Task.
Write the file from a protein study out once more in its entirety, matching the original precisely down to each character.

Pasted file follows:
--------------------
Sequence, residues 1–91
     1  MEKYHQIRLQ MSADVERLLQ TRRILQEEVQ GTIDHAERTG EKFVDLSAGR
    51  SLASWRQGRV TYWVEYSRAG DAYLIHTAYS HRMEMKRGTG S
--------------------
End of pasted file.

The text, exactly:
Sequence, residues 1–91
     1  MEKYHQIRLQ MSADVERLLQ TRRILQEEVQ GTIDHAERTG EKFVDLSAGR
    51  SLASWRQGRV TYWVEYSRAG DAYLIHTAYS HRMEMKRGTG S